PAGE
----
The new law prohibits all drivers from texting while behind the wheel and bans use of all cell phones by drivers who are 16 and 17 years old. The young drivers are barred from using a variety of devices (TVs, video, PCs) under the heading “mobile electronic devices.”
The fines for adults are $100 (first offense), then $250 and $500.
Fines for drivers under 18 are $100 plus 60-day license suspension and youth traffic school (first offense), then $250 with six-month suspension and then $500 with a one-year suspension.
These distracted driving offenses are not considered moving violations and do not affect insurance premiums. Enforcement is “primary,” meaning police can stop and cite texting motorists for that reason alone.
More warnings were handed out than $100 fines on day 1, local reports said.
Meanwhile, Maryland’s law prohibiting handheld cell phone use while driving hit the streets as of Oct. 1. It calls for “secondary enforcement” and fines between $40 and $100.
And Connecticut’s tougher penalties for distracted driving officially went into effect Oct. 1. Fines are now $100/$150/$200 instead of the previous $100. No more forgiveness for first-time offenders.
In Massachusetts, as the new law took effect, the Boston Globe editorialized:
“There’s no defense for the practice; if a text message is so urgent that it must be read (or written) immediately, it’s also urgent enough to merit pulling over. … For now, the new law will at least raise awareness of the dangers of texting while driving. And in time, social pressure will help more and more drivers recognize the practice as the narcissism-induced safety hazard that it is.”
Gov. Patrick signed the Massachusetts distracted driving bill into law on July 2: “Texting is one of the riskiest distractions that endangers public safety and today we are joining other states by saying it will no longer be tolerated,” he said at the ceremony. The signing’s audience included people who lost family members to distracted drivers.
The new law is the result of a compromise between the Massachusetts House and Senate. There were significant differences in their distracted driving plans. The compromise, apparently, was the House dropping its ban on handheld cell phone use for adult drivers and the Senate agreeing to (separate) watered-down restrictions on elderly drivers.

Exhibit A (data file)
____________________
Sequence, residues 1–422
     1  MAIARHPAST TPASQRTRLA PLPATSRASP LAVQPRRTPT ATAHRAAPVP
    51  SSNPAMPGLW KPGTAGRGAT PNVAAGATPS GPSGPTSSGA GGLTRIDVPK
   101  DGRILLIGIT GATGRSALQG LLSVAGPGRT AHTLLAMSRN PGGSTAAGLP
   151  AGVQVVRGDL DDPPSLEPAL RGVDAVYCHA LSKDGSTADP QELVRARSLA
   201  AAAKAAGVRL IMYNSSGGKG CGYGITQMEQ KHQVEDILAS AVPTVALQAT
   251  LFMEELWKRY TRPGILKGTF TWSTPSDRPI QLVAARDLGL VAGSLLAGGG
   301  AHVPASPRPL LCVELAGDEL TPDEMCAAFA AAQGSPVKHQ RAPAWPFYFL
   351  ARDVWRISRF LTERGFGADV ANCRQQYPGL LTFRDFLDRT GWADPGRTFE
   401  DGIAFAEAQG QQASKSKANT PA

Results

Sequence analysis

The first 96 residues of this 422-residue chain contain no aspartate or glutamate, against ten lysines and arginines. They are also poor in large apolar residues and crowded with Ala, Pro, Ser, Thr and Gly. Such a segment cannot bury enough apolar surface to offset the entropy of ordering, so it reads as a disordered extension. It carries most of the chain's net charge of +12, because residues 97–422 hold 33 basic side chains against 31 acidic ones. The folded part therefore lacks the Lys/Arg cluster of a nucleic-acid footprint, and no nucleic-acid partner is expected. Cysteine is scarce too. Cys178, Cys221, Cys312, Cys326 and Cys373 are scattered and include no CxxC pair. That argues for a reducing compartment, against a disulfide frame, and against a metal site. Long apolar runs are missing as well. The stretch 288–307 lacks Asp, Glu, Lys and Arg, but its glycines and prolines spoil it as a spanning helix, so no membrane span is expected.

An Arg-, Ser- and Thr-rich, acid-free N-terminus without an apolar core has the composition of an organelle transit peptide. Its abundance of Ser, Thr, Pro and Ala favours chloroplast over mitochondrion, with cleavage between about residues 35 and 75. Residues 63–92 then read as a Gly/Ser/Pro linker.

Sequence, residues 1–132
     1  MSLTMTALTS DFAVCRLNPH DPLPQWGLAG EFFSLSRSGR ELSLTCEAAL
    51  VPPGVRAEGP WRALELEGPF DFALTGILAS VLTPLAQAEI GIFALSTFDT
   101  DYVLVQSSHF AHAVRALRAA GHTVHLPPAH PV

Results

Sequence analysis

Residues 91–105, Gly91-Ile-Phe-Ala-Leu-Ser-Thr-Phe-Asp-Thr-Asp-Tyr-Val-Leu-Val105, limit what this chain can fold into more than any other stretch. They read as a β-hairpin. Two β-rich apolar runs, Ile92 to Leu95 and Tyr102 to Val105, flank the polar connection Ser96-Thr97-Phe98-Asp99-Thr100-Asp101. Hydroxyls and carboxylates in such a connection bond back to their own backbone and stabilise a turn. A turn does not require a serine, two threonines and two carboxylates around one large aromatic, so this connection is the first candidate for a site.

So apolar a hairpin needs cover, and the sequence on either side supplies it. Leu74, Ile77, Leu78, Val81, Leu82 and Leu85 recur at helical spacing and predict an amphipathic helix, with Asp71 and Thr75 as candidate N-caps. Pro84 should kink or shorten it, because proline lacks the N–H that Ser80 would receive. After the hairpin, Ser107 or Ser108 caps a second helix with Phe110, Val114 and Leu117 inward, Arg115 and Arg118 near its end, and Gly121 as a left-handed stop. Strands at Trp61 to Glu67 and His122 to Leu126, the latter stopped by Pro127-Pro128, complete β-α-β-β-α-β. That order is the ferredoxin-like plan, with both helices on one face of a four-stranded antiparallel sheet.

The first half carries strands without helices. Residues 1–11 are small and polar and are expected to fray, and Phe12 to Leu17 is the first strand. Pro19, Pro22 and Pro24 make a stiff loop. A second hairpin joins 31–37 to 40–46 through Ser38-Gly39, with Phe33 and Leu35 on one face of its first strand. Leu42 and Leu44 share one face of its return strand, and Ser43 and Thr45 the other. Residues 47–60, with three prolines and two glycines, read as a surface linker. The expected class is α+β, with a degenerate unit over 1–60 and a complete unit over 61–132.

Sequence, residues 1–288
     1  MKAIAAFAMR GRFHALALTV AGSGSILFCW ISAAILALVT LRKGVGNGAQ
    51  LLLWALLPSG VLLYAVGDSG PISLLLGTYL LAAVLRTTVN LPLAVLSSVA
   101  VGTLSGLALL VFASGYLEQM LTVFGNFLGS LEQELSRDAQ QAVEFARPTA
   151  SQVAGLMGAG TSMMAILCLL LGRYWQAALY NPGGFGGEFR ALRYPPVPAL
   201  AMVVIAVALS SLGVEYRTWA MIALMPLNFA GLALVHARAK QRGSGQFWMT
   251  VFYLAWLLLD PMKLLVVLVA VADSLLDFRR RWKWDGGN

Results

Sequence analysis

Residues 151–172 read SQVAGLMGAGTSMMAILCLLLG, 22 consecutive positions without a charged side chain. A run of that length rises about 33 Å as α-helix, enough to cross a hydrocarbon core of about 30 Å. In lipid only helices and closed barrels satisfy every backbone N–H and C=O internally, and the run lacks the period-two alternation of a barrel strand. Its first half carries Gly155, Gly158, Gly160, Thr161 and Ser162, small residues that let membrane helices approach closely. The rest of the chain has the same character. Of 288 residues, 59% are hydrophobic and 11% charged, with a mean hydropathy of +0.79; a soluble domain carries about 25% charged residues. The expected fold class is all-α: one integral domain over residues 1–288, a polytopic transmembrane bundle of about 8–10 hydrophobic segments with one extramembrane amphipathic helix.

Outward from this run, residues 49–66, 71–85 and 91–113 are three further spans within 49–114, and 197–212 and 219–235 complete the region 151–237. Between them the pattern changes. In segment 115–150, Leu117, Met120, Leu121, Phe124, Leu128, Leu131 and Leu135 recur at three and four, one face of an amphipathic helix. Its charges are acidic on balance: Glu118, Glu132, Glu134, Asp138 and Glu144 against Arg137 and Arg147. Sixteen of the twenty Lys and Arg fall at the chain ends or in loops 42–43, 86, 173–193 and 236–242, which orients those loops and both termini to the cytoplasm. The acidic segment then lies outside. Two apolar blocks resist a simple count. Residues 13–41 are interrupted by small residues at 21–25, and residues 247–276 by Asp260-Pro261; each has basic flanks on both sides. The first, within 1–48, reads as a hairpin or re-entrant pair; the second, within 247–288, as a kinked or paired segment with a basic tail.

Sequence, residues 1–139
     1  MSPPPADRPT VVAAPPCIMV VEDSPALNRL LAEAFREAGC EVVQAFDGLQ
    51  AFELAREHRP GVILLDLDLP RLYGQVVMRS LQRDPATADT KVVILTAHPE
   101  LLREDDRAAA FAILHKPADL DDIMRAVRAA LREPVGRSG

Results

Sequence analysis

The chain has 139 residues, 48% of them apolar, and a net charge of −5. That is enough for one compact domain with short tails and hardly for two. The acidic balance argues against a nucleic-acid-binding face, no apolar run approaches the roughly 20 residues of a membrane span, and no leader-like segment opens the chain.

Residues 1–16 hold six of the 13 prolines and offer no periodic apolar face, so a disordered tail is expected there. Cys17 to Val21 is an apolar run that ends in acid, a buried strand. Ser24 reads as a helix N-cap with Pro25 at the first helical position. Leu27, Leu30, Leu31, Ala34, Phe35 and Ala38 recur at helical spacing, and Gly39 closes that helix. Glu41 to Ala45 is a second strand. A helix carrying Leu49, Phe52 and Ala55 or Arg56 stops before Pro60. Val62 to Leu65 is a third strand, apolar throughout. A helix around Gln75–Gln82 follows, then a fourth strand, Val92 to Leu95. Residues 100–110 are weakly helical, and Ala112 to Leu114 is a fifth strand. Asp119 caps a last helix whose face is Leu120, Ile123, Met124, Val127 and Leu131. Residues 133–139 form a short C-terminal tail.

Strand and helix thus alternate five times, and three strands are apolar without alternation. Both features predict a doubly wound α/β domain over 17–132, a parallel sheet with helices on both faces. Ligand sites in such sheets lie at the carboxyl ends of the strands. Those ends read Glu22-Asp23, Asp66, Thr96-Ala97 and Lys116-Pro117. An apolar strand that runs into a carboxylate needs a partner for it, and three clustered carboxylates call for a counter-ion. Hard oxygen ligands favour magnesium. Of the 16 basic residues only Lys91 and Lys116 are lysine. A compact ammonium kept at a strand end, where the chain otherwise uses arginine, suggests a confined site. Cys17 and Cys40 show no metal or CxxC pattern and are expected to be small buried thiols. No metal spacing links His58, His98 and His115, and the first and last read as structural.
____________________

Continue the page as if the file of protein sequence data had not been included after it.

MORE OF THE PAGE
State Sen. Mark Montigny, D-New Bedford, wasn’t pleased with that deal: “I first introduced a (distracted driving) bill six years ago, and since that time, the only thing that has changed is more people have died or been seriously injured,” he told South Coast Today as the law took effect Sept. 30. “To celebrate (the new law), as many have, is unfortunate, as this is years overdue.”
Chapter 90, Section 13B of the Massachusetts General Laws reads as follows:
(a) No operator of a motor vehicle shall use a mobile telephone, or any handheld device capable of accessing the internet, to manually compose, send or read an electronic message while operating a motor vehicle. For the purposes of this section, an operator shall not be considered to be operating a motor vehicle if the vehicle is stationary and not located in a part of the public way intended for travel.
(b) A violation of this section shall be punishable by a fine of $100 for a first offense, by a fine of $250 for a second offense and by a fine of $500 for a third or subsequent offense.
(c) A penalty under this section shall not be a surchargeable offense under section 113B of chapter 175.